|Chapter 15 - Graphics Journalism
Graphics journalism is a specialized form of journalism that uses graphic forms to present information. These forms often use words as well as illustration, so the graphics journalist must have the ability to write -- especially to use words efficiently.
Graphics journalism generally backs up and adds information to other reporting and writing that the publication has done. Graphics journalists usually take one part of a story -- that which lends itself to graphic presentation -- and do additional reporting so that a graphic can be developed for the story. Such reporting is very difficult because it must be precise and complete. And it must produce the information that can be properly used in a graphic form.
The most common types of charts the journalist uses are bar charts, line charts and pie charts. These are used to present numerical data. Certain principles apply to using these different kinds of charts, and the graphics journalists must know what they are and follow those principles precisely. For instance, a pie chart can only be used to show the parts of a whole and for no other purpose.
Maps are widely-used graphic forms for many publications, and a good map can give the reader a sense of place and location for the events being reported on. Maps are also subject to certain conventions. For instance, the top part of the map is usually the most northern point. Graphics journalists must understand and observe these conventions. Even a simple map -- if it is to be informative for the reader -- takes a good deal of skill to report and construct.
The chief goal of the graphics journalist is to present accurate information in a form that is understandable and engaging.
Data and charts. It is very important to understand the three major kinds of charts used in graphic reporting line, bar and pie (look at the charts in the image above) and the information that is appropriate to each chart.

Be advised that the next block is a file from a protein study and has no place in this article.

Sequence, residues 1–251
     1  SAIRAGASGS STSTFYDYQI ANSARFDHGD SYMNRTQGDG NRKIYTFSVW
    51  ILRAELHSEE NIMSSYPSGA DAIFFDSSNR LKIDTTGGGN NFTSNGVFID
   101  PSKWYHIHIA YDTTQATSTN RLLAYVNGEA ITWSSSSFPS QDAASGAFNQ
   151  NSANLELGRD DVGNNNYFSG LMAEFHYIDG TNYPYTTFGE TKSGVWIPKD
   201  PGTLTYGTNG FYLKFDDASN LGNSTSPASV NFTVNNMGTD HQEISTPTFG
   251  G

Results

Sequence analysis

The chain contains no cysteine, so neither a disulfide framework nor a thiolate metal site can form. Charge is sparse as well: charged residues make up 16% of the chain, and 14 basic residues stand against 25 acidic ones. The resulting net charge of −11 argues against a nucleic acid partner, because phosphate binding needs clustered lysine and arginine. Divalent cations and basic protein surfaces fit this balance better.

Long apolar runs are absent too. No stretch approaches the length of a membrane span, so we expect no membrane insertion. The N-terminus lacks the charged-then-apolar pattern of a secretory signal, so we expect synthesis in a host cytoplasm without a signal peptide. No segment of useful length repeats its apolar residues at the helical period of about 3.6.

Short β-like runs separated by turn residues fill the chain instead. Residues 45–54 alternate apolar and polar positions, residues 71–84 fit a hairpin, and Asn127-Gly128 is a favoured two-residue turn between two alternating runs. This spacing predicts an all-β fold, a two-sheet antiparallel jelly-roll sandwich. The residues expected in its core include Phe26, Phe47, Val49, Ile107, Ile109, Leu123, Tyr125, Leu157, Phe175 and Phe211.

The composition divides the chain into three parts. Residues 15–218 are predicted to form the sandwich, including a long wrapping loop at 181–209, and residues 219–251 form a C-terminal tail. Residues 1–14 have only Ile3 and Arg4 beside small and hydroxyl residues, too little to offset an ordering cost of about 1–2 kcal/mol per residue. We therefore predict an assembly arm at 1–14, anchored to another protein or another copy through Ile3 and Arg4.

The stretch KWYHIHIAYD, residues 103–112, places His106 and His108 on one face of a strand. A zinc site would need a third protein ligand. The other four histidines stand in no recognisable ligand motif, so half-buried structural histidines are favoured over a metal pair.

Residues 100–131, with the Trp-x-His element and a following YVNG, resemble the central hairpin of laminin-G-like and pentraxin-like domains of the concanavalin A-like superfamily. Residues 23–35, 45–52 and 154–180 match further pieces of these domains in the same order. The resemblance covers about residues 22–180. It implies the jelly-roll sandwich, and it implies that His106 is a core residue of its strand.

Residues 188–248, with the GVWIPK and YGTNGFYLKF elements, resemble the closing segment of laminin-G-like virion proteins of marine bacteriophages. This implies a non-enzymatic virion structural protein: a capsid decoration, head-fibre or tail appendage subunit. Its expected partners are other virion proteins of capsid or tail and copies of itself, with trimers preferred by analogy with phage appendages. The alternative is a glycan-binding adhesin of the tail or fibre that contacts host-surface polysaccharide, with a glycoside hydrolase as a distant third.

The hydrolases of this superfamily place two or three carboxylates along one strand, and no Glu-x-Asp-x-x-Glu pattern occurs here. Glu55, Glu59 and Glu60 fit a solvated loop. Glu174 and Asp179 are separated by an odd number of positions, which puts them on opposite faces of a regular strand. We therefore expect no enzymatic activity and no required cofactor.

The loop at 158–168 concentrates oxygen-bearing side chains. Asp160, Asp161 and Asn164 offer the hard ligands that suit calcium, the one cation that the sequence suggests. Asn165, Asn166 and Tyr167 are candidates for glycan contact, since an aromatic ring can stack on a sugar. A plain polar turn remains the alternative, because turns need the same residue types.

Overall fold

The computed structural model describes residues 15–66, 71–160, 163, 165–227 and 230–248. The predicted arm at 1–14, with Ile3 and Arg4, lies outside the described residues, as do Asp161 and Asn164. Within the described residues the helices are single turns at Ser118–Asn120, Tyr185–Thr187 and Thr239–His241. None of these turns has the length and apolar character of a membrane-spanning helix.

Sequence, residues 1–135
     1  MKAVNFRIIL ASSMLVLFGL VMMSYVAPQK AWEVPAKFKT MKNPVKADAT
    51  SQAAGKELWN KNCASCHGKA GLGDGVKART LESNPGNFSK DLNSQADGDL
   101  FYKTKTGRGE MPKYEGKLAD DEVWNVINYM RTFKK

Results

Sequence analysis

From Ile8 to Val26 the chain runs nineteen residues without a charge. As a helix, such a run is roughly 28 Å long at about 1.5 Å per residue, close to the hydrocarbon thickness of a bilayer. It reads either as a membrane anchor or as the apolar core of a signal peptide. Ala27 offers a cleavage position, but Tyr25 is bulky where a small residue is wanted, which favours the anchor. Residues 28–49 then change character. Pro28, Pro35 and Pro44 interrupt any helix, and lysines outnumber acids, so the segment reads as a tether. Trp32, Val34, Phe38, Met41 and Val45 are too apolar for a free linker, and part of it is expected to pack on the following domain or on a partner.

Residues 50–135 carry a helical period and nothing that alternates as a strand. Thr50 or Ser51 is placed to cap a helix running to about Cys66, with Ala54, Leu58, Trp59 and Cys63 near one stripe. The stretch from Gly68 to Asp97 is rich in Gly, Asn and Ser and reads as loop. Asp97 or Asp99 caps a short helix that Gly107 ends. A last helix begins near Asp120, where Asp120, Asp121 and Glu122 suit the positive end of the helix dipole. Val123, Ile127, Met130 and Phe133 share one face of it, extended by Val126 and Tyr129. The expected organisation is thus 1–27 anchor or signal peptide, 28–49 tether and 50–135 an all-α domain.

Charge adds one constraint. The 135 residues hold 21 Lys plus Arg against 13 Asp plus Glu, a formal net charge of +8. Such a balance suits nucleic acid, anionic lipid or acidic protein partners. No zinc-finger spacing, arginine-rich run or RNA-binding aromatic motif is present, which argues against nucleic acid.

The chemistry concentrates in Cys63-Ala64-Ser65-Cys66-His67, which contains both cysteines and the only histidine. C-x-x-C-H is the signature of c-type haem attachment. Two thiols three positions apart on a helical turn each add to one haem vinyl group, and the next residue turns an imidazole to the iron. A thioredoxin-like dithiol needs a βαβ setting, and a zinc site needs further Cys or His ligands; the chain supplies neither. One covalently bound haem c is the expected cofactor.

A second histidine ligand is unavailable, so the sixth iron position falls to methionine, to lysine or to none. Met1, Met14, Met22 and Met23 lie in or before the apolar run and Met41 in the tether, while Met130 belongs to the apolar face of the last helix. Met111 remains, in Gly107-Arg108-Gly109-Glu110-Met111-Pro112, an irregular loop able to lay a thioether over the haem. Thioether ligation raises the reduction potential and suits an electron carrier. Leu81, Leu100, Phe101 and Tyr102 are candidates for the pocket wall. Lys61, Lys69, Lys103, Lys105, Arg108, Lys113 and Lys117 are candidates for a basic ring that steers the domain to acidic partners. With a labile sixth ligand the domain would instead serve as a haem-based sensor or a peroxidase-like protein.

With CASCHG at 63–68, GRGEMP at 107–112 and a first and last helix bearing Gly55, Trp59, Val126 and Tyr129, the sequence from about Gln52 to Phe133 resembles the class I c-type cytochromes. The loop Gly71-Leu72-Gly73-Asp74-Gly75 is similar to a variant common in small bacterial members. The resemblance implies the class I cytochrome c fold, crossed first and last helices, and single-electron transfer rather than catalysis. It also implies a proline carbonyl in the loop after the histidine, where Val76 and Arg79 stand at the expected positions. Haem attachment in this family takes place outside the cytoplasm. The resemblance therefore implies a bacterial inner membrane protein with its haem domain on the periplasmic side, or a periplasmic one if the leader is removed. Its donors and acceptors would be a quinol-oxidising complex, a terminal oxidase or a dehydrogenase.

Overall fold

Tips for beginners. Students who are learning about charts and how to produce them should remember the following:
Click on the image to the right (or here) for more information about how to design a chart.
Data is plural. The word “data” is a plural noun and should have a plural verb. The word “media” is plural also.
Graphics reporting. Finding the appropriate data to build a good chart is not always easy. Graphics reporters often find that the data they need are not available or are incomplete. Try to find as much statistical information about the students at your college or school. Begin with the number of freshmen, sophomores, juniors and seniors. Who would have that information? See what you can come up with and how many different kinds of charts you can build.
Building charts in Excel. Excel, the commonly used spreadsheet program developed by Microsoft has an excellent chart-building function called Chart Wizard. Click here for some instructions on how to use this function.
Finding maps to use. If you are working for a publication high school or college you should not use maps created by MapQuest or some other professional service without specific permission from that service. To do so is a violation of copyright laws. Maps that are free from those restrictions are available from other sources, however. For national and state maps, try the U.S. Census Bureau (http://www.census.gov/geo/www/maps/). For local maps, look on the web sites of city and county governments. University libraries and geography departments often create maps of the areas they serve, and those can often be used without permission. Before using any map, check to make sure there are no restrictions on its use.